When the rules for reverse charge VAT apply, the business you are buying from has the duty not to include VAT on their invoice, and you have the obligation to account for them on your returns.

As a customer, it’s you who are adding VAT on imported goods to the total VAT due to HMRC in each quarter. This means you are benefiting from the transaction at the time of the import as you won’t have to pay any VAT at customs, wait for your product until your payment goes through, or reclaim anything from the HMRC later.

The reverse charge is commonly used to prevent situations where the supplier charges the VAT to their customer, receives it, but goes missing instead of declaring it to HMRC. Since the reverse charges become the responsibility of the customer, the supplier can’t get away with this kind of fraudulent behaviour.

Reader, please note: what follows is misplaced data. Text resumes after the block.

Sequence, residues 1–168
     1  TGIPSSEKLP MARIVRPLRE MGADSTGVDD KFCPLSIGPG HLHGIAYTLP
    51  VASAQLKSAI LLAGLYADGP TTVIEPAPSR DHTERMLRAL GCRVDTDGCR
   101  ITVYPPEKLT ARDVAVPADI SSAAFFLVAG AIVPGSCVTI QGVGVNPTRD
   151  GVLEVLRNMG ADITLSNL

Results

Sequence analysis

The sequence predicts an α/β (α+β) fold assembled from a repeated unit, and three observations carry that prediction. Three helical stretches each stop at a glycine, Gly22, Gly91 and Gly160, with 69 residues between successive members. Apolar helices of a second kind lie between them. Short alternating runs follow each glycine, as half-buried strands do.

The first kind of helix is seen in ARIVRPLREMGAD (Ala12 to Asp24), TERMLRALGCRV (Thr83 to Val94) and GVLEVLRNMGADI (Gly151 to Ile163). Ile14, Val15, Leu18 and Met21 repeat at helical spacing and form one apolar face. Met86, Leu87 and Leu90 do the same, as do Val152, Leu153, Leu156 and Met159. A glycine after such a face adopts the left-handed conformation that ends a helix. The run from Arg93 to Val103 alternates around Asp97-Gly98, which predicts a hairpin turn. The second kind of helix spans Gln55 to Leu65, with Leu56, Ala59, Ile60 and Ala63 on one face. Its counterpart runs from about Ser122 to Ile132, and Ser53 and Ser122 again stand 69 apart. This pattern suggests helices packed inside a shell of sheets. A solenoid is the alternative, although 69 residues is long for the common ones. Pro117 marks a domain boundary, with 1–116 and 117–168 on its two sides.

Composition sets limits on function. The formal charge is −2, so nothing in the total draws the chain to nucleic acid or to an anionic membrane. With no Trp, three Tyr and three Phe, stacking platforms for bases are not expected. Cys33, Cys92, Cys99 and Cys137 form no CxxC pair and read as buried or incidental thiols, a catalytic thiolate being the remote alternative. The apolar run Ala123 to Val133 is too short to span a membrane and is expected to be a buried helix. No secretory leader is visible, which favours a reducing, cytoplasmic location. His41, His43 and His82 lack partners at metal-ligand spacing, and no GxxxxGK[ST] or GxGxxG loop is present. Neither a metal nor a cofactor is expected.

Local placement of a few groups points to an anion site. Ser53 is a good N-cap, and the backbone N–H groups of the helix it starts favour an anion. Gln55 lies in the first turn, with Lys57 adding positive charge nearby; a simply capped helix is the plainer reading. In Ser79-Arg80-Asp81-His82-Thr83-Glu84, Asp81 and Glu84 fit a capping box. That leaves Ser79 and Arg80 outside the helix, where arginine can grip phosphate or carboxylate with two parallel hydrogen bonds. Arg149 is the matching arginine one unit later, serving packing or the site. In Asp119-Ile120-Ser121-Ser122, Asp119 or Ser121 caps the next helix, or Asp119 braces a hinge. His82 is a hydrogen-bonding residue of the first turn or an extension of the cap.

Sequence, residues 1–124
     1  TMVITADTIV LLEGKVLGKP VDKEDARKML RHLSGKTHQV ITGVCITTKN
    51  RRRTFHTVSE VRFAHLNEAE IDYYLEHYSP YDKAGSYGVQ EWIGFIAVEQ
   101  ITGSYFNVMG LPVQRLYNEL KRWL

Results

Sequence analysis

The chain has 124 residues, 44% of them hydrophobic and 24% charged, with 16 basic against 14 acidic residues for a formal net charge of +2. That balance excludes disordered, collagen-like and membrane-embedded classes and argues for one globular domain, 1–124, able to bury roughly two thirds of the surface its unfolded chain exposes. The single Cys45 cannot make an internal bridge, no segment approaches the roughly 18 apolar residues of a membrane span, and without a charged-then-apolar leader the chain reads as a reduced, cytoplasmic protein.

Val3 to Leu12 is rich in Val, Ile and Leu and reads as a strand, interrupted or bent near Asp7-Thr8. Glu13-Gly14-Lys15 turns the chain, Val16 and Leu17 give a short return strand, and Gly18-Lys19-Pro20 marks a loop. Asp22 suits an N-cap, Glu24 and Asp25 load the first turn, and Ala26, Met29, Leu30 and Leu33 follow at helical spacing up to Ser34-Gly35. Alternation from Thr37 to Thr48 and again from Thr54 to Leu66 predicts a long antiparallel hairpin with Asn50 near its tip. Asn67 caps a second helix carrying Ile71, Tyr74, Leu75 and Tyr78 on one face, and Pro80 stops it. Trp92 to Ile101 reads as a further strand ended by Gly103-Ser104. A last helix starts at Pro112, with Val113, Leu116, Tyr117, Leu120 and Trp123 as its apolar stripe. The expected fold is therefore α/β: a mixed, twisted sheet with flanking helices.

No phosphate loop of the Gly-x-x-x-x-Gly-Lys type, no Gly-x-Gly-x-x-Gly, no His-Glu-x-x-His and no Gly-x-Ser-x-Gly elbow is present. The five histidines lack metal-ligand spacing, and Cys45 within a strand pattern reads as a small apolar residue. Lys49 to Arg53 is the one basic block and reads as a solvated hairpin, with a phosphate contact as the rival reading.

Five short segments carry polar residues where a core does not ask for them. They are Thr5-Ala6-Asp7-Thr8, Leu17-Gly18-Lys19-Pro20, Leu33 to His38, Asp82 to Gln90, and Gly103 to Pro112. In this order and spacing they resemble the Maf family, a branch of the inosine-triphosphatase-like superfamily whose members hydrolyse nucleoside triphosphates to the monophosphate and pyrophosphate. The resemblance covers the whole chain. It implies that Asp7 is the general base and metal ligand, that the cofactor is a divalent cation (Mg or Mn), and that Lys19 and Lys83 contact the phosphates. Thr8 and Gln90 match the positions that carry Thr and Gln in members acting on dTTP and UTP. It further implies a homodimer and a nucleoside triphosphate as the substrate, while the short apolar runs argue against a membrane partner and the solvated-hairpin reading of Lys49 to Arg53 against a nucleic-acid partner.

When Can a Reverse VAT Charge be Used?

It’s important to note that reverse charges don’t apply to every industry. Here are a few examples of the situations reverse charge VAT can be used:

·   If you are buying services and products from outside the UK, apply the Postponed Accounting System

·   If you are buying goods like marketing or advertising services from businesses based in Ireland.

·   If you are buying services from an overseas company with reverse charge VAT

·   If you are using the Domestic Reverse Charge VAT system. This means buying or selling technical products, such as computer chips, mobile phones, or related specified services, including translation, programming, and similar